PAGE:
MSF closes operations in Somalia over ‘extreme attacks’

Medical charity Médecins Sans Frontières (MSF) has closed all medical programmes in Somalia following a series of attacks and abduction of aid workers.

The humanitarian organisation, which has worked in the country since the start of civil war in the country in 1991, cited “extreme attacks” by armed groups and it accused civilian leaders of condoning, the killing, assaulting, and abducting of humanitarian aid workers.

MSF’s international president Unni Karunakara said the leaders’ actions and tolerance of the environment effectively cut off hundreds of thousands of Somali civilians from humanitarian aid.

“In some cases, the same actors—particularly but not exclusively in south central Somalia—with whom MSF must negotiate minimum guarantees to respect its medical humanitarian mission, have played a role in the abuses against MSF staff, either through direct involvement or tacit approval,” he said while making the announcement.

The most recent incidents include the brutal killing of two MSF staff in Mogadishu in December 2011 and the subsequent early release of the convicted killer; and the violent abduction of two staff in the Dadaab refugee camps in Kenya that ended only last month after a 21-month captivity in south central Somalia.

“These two incidents are just the latest in a series of extreme abuses. Fourteen other MSF staff members have been killed, and the organisation has experienced dozens of attacks on its staff, ambulances, and medical facilities since 1991,” the MSF boss said in his statement.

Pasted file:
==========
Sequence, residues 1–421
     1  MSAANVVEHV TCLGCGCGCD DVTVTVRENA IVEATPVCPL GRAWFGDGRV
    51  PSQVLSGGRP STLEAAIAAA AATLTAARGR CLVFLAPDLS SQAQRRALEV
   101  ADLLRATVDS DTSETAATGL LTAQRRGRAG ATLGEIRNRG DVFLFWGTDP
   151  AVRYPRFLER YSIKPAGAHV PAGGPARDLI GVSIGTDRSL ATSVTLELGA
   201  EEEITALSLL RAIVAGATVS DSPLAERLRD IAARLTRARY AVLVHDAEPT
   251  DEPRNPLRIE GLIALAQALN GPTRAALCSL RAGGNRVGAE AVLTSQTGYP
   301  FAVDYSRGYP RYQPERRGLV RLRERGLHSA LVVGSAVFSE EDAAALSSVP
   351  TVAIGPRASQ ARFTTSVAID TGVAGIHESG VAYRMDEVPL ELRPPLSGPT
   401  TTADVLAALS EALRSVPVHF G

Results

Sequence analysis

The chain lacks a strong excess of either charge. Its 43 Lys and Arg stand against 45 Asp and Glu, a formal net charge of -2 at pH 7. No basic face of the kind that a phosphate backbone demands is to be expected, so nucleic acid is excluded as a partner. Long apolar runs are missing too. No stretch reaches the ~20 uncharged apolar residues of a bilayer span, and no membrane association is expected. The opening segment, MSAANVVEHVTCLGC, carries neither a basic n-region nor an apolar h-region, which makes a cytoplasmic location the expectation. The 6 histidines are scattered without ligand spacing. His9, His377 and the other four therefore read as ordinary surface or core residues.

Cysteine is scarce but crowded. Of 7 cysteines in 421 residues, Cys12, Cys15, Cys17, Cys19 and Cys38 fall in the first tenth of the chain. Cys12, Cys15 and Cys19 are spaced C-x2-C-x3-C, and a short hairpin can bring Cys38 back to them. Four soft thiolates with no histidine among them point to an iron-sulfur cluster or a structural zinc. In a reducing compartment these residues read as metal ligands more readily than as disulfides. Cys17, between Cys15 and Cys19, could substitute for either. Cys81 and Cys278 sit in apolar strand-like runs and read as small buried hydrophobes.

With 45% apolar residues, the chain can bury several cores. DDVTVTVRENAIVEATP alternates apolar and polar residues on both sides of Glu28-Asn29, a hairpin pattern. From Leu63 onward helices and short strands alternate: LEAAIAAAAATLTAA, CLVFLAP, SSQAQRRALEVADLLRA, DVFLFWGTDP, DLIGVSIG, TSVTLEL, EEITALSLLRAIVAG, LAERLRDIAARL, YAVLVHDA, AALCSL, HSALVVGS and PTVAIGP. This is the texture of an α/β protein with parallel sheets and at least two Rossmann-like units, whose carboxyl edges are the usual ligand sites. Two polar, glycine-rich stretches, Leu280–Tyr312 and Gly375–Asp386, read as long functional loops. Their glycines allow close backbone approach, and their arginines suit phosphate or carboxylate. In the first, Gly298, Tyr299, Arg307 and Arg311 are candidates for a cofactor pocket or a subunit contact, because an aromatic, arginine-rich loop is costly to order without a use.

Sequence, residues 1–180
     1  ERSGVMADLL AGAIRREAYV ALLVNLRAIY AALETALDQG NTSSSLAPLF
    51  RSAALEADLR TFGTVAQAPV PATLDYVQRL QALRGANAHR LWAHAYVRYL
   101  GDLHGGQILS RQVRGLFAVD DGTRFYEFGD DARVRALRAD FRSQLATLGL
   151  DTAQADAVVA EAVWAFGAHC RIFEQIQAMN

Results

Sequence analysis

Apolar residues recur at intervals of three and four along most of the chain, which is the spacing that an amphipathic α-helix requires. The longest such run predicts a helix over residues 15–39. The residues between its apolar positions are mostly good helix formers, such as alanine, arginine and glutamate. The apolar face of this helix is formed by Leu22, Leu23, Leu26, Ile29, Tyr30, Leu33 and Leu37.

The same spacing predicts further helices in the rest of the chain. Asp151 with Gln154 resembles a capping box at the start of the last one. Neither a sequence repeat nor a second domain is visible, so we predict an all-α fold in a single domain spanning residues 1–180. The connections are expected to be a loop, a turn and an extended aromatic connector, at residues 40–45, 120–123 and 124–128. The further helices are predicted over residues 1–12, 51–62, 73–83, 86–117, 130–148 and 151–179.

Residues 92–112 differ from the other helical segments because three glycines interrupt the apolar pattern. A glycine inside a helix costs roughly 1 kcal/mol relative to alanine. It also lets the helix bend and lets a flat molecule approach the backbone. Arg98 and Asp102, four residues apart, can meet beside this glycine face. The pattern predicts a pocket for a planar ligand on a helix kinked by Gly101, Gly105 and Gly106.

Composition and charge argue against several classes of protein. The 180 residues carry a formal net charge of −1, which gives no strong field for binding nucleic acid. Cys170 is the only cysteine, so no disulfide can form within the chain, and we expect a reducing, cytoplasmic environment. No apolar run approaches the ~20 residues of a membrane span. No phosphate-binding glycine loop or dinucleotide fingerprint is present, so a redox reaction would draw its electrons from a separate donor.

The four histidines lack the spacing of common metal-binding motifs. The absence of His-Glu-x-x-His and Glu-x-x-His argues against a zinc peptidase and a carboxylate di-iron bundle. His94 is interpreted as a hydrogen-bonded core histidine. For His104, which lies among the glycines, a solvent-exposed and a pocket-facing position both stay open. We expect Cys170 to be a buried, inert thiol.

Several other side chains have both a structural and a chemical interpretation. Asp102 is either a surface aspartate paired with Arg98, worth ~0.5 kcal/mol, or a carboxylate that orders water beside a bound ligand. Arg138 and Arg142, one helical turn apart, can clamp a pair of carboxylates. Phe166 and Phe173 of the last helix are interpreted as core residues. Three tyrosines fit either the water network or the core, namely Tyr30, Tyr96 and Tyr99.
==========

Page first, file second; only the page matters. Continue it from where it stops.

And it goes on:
Besides offering humanitarian assistance over its 22-year history in Somalia, MSF has negotiated with armed actors and authorities.

MSF will be closing its medical programmes across Somalia, including in the capital Mogadishu and the suburbs of Afgooyeand Daynille, as well as in Balad, Dinsor, Galkayo, Jilib, Jowhar, Kismayo, Marere, and Burao.

More than 1,500 staff provided a range of services, including free basic healthcare, malnutrition treatment, maternal health, surgery, epidemic response, immunisation campaigns, water, and relief supplies.

In 2012 alone, MSF teams provided more than 624,000 medical consultations, admitted 41,100 patients to hospitals, cared for 30,090 malnourished children, vaccinated 58,620 people, and delivered 7,300 babies.

“Ultimately, civilians in Somalia will pay the highest cost,” said Dr Karunakara. “Much of the Somali population has never known the country without war or famine. Already receiving far less assistance than is needed, the armed groups’ targeting of humanitarian aid and civilians leaders’ tolerance of these abuses has effectively taken away what little access to medical care is available to the Somali people.”

He added that beyond the killings, abductions, and abuses against its staff operating in Somalia, MSF had to take the exceptional measure of utilising armed guards, which it does not do in any other country.

Also, they were forced to tolerate extreme limits on its ability to independently assess and respond to the needs of the population.

“We are ending our programmes in Somalia because the situation in the country has created an untenable imbalance between the risks and compromises our staff must make, and our ability to provide assistance to the Somali people,” Dr Karunakara said.

Source: Nationmedia

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